Equity Market Summary
Eight years into this this bull market, the S&P 500 has soared by more than 200%. While most of the initial run was driven by earnings growth, valuations have also risen relative to earnings its long term historical average. Stocks usually do well in a gradually rising rate environment when rates are relatively low. While gains have been impressive and stocks are no longer cheap, they still look inexpensive relative to core fixed income.
Bear markets don’t just happen…external factors cause them. History shows that economic recessions, aggressive rate hikes, and oil price spikes have all been associated with bear markets. Today, it is hard to see any of these issues on the horizon.
An improving economy, coupled with re-emergence of profit growth last year, should provide support for equities. Corporate balance sheets, with large cash piles and manageable debt loads, also remain healthy and do not suggest that there are large issues looming in the corporate sector.
Emerging markets equities outpaced domestic U.S. equities, with the MSCI Emerging Markets index up 18.6% YTD. The S&P 500 index is up 9.34% YTD. Improving earnings and more reasonable valuations have driven the gains in international equities, adding to the prospect that there might be better returns abroad over the long haul.
LARGE CAPS OUTPERFORM SMALLER CAPS YTD:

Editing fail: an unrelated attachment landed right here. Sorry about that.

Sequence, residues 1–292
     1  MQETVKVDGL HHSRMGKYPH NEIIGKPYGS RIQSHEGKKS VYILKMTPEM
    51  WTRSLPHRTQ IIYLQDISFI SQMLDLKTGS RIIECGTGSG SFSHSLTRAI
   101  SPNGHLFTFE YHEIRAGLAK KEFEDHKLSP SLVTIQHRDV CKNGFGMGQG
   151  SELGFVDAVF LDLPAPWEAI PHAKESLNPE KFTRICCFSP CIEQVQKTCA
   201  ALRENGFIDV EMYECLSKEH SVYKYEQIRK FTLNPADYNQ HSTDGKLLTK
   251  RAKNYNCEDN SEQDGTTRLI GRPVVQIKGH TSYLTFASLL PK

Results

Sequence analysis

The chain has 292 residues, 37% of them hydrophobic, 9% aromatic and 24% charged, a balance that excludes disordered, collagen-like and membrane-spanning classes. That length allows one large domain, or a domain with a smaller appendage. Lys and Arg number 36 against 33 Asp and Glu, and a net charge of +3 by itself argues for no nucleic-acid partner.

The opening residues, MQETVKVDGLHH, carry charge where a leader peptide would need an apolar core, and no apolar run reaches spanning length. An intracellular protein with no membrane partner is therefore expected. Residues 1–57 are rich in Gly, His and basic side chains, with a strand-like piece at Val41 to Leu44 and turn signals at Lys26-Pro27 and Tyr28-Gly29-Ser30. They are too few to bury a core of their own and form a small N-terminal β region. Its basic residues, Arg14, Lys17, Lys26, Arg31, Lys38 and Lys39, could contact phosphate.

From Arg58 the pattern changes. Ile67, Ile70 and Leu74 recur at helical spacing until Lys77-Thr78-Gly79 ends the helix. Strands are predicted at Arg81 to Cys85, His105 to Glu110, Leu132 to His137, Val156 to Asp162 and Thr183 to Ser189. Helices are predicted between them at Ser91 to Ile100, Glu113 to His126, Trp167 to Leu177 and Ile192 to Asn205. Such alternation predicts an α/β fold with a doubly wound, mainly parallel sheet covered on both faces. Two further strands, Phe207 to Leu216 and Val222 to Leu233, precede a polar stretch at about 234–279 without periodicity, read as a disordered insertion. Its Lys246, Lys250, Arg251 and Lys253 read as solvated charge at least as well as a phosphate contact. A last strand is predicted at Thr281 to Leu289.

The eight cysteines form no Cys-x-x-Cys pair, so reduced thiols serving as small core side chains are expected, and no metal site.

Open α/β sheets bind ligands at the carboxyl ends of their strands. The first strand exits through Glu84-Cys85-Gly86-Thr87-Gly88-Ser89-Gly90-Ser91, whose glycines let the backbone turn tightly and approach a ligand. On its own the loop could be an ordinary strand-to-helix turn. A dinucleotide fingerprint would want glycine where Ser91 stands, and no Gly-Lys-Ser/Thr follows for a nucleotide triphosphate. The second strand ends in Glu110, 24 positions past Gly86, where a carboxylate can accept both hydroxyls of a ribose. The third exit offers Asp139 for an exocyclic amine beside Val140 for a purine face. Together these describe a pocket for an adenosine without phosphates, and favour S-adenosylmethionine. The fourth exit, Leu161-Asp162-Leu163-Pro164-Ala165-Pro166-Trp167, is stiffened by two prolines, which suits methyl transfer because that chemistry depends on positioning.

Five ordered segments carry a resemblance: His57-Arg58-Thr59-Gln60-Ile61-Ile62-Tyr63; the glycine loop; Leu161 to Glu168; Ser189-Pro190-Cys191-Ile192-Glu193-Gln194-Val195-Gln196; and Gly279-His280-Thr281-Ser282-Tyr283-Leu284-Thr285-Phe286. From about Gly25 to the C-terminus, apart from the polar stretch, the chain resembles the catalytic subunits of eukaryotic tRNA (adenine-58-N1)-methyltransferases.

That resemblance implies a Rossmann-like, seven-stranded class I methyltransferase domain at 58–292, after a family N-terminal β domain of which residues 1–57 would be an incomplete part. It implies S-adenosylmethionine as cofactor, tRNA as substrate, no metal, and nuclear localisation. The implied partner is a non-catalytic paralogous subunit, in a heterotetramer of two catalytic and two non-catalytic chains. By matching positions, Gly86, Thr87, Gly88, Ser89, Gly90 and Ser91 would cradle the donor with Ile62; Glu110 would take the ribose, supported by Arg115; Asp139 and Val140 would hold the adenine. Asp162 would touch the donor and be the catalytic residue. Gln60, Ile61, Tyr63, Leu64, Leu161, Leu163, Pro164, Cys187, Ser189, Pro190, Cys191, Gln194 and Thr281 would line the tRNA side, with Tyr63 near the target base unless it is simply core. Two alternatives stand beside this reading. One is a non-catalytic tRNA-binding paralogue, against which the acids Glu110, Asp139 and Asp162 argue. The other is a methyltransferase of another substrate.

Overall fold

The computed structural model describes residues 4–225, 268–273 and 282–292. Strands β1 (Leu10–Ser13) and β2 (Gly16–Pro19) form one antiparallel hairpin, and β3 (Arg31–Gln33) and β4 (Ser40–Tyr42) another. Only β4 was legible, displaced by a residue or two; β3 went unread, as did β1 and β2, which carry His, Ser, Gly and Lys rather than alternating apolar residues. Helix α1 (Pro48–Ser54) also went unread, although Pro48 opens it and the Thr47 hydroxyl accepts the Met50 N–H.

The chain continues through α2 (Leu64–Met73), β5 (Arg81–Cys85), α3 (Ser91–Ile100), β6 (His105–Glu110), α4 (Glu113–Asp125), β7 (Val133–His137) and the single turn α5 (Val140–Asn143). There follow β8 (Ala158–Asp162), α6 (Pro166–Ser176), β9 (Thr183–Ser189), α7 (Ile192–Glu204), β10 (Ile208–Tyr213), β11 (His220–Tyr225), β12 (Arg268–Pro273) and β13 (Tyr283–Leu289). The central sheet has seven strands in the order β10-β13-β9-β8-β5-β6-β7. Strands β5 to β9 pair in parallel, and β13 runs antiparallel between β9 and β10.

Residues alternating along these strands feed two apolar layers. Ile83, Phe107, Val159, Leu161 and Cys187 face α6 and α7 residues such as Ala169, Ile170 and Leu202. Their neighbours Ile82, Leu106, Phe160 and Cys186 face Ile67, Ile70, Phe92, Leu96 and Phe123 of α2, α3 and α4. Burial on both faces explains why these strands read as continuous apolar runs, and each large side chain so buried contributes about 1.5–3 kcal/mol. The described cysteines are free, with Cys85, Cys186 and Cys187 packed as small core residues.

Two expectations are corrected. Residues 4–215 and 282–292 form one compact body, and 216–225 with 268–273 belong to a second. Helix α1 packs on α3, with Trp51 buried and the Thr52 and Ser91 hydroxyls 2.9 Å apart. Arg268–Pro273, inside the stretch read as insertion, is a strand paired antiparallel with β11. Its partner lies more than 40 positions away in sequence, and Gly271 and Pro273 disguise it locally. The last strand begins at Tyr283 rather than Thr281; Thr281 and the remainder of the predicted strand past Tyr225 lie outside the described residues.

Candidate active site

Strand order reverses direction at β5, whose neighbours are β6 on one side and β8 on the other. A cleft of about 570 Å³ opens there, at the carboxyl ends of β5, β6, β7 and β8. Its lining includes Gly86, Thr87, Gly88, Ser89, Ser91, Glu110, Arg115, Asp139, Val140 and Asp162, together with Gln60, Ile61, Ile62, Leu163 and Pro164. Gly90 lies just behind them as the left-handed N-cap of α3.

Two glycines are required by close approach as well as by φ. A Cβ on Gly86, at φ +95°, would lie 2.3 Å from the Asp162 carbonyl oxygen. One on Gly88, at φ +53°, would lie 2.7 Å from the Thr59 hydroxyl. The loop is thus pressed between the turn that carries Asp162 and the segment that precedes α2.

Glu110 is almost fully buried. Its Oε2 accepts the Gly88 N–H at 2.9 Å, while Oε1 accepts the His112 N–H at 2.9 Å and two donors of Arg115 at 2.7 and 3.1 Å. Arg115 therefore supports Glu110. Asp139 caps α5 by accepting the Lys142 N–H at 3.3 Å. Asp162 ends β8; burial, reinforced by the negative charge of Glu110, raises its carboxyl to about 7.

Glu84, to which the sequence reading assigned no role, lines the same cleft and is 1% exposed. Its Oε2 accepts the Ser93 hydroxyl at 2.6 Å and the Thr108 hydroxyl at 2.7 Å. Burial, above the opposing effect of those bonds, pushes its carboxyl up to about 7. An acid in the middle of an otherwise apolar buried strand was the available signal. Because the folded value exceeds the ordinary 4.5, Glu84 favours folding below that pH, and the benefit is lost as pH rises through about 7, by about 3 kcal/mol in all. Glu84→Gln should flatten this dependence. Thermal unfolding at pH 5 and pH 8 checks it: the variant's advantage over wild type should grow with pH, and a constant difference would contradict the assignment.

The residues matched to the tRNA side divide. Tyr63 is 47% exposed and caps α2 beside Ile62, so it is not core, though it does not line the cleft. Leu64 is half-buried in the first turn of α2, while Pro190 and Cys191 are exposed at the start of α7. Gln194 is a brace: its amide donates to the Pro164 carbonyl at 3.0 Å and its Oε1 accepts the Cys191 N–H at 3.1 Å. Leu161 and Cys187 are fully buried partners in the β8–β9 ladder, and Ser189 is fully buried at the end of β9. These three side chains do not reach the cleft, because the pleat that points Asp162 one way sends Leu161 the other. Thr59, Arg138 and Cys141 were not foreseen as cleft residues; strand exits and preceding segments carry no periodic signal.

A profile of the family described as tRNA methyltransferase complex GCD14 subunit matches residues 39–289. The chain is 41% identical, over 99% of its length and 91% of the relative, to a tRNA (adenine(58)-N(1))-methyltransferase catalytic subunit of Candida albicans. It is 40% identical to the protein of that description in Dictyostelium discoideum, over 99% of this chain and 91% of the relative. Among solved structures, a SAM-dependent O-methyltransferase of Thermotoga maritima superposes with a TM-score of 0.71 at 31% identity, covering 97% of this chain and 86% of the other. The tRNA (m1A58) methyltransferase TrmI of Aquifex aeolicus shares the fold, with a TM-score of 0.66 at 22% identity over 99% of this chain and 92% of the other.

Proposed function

GROWTH OUTPERFORMING VALUE YTD :
|Large Cap||13.99% vs. 4.66%|
|Mid Cap||11.4% vs. 5.18%|
|Small Cap||9.97% vs. 0.54%|
Best Performers: Year to date the Technology sector has been the best performing sector at 17.2% even with a 2% drop in the last week in June (which it has mostly rebounded from in early July). Healthcare has been the second strongest performer at 16.1% with the prospect of improved profits amid healthcare reform.
Worst Performers: Energy is the worst performing sector YTD at -12.6% with oil prices falling steeply over supply glut concerns from consistent growth in U.S. production. Telecom was the 2nd worst performer at -10.7% amidst its high dividend payout ratio as a proxy for income generation with the prospect of rising rates in the future.
Fixed Income Summary
The 10-year Treasury yield increased to 2.3% by the end of the quarter (6/30) from 2.2% at the end of May. This move reflects the Fed raising short term rates and the expectations of another rate hike before year end. The Federal Reserve also commented on the strength of the U.S. economy, which also contributed to rising rates.
Many analysts are watching the slope of the yield curve and how it has been flattening for some time as well as the implications for the U.S. economy. The Fed has raised short term rates while the long end (10 to 30 year) has not changed much, flattening the curve despite improving economic growth and inflation data. Although many recessions have come after a flattening yield curve, only half of flattening yield curves have been followed by recessions.
Fixed income investment performance had a solid second quarter with the Barclays Agg returning 1.45% and high yield returning over 2% (2.17%). Munis also returned nearly 2% (1.96%) for the quarter.
Year-to-Date Index Returns (as of 6/30)
|Barclays Euro Agg||7.54%|
|Barclays US High Yield||4.93%|
|Barclays Muni Agg||3.57%|